Chinese President Xi Jinping (習近平) might introduce a deadline for a resolution on Taiwan during the 19th National Congress of the Communist Party of China this month, according to former American Institute in Taiwan (AIT) chairman Richard Bush.
In a blog post titled “What will Xi Jinping say about Taiwan at the 19th Party Congress?” Bush wrote that Xi might introduce new elements in China’s position on Taiwan, such as a deadline for a solution to what Beijing calls the “Taiwan issue.”
“One possibility here is conveying a sense of urgency about resolving the dispute with Taiwan or even setting a deadline,” wrote Bush, who was AIT chairman from 1997 to 2002 and now serves as codirector of the Center for East Asia Policy Studies at the Brookings Institution.
Xi had hinted in a meeting in 2013 with former vice president Vincent Siew (蕭萬長) that “settling the dispute could not be postponed from generation to generation,” Bush said.
If Xi wants to reaffirm China’s policy on Taiwan, he would simply repeat common elements in speeches leaders had made at past party congresses, such as the guiding principle of peaceful unification, he said.
However, if Xi does toughen Beijing’s Taiwan policy, for example by not restating the peaceful unification principle, “it would widen China’s options in a coercive direction,” Bush said.
It would suggest that China “would be willing to impose a solution rather than negotiate one on a mutually acceptable basis,” he wrote.
Former AIT director Douglas Paal said he believes that Beijing will likely take a low-key approach on Taiwan at the party congress, which is scheduled to begin on Oct. 18.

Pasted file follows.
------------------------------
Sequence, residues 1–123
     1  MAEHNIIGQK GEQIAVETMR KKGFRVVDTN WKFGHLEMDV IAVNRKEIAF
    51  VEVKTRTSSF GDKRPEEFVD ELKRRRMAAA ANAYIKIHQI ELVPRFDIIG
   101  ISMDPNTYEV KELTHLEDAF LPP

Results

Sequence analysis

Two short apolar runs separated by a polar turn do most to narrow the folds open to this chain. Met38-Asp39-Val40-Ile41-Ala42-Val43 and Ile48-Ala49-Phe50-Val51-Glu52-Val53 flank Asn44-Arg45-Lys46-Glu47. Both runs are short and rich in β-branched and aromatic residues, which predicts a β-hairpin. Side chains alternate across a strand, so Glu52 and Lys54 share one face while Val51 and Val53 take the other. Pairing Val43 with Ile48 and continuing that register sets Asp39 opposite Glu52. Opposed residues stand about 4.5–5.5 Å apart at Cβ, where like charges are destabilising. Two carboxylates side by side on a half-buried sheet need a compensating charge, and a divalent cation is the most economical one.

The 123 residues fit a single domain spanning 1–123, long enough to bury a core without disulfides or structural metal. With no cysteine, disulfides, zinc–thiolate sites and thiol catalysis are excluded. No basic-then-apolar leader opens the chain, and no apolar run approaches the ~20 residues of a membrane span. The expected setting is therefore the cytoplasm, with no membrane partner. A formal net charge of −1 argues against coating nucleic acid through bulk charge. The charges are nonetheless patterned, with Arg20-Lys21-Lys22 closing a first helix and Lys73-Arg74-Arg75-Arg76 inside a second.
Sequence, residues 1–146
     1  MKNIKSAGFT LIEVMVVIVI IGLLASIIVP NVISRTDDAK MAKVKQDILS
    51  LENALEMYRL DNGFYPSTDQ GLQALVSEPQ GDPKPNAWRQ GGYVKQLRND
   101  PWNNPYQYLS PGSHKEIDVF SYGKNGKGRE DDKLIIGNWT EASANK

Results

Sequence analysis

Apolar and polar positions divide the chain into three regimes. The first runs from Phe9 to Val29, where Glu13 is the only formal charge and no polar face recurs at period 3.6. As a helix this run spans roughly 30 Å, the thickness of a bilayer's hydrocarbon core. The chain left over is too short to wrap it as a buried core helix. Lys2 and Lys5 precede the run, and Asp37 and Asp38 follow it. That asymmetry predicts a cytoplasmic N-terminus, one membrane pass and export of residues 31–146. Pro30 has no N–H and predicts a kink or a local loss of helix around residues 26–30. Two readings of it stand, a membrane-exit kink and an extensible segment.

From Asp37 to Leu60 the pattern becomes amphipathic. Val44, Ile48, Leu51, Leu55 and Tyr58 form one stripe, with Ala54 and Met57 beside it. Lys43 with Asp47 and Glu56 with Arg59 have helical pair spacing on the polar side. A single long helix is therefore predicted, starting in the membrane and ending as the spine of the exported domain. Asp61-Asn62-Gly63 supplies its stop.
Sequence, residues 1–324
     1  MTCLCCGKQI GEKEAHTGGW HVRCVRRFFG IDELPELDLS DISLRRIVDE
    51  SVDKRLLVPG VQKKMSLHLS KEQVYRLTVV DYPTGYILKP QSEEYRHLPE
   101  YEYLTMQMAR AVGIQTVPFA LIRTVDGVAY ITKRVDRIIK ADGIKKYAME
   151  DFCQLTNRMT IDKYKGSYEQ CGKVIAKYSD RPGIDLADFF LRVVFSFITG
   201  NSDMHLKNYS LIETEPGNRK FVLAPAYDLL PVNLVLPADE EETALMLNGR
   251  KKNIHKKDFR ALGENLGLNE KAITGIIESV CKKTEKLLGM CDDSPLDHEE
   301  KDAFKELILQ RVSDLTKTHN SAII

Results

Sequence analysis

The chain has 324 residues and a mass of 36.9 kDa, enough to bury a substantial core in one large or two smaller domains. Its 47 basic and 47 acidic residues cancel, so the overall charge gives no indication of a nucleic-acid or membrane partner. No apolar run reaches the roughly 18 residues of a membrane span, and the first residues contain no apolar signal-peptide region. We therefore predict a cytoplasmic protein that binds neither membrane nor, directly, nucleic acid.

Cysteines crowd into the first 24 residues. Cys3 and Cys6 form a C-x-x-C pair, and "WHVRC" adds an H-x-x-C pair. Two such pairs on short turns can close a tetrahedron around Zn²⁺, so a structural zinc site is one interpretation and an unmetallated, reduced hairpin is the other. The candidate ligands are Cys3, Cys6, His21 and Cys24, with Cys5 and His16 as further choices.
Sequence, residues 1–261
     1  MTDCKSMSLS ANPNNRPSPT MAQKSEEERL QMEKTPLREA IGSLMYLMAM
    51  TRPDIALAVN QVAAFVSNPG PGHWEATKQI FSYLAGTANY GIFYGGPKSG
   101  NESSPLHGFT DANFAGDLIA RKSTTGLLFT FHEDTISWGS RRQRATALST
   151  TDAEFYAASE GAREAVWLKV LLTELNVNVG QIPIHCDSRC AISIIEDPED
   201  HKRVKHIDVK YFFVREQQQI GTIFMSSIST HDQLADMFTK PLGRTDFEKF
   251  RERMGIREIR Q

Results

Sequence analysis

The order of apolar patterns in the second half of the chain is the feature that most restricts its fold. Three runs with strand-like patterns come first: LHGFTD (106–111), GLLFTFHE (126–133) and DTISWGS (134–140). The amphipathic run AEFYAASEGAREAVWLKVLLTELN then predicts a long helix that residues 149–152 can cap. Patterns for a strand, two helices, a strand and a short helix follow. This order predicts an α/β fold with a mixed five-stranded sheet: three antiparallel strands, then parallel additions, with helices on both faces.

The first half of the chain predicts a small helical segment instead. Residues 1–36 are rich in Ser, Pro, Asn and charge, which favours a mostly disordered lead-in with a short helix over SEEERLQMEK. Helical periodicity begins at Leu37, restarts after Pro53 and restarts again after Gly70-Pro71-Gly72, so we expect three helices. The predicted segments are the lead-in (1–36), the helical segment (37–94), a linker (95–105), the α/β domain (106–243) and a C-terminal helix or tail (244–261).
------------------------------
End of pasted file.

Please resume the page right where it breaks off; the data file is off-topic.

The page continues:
Paal, speaking in a panel previewing the congress in Washington on Friday, said his unofficial sources in Beijing told him that no tough talk on Taiwan is expected from the Chinese leader.
Commenting on the possibility of a “fourth US-China communique” emerging from an upcoming meeting between Xi and US President Donald Trump, who is to tour five Asian nations next month, Paal said it was highly unlikely to happen.
The question of a fourth joint communique, which would follow the three communiques on Taiwan that the US and China issued between 1972 and 1982, arose in a report in the Taiwan-based Chinese-language Liberty Times (sister newspaper of the Taipei Times) published earlier this year.
The report, citing an unnamed source, said that former US secretary of state Henry Kissinger was trying to get the two nations to sign such a document.
Paal, who is vice president for studies at the Carnegie Endowment for International Peace, said he expects Washington to continue to show its support for Taiwan based on the US’ Taiwan Relations Act and would not sign a fourth communique.
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